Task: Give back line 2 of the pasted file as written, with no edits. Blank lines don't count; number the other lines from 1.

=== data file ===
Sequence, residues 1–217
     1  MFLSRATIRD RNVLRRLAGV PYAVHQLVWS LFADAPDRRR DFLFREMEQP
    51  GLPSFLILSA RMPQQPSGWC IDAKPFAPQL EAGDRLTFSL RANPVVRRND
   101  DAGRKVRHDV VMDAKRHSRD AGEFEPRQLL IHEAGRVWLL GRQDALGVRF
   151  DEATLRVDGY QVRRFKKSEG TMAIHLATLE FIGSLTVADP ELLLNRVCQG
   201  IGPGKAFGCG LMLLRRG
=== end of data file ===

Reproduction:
     1  MFLSRATIRD RNVLRRLAGV PYAVHQLVWS LFADAPDRRR DFLFREMEQP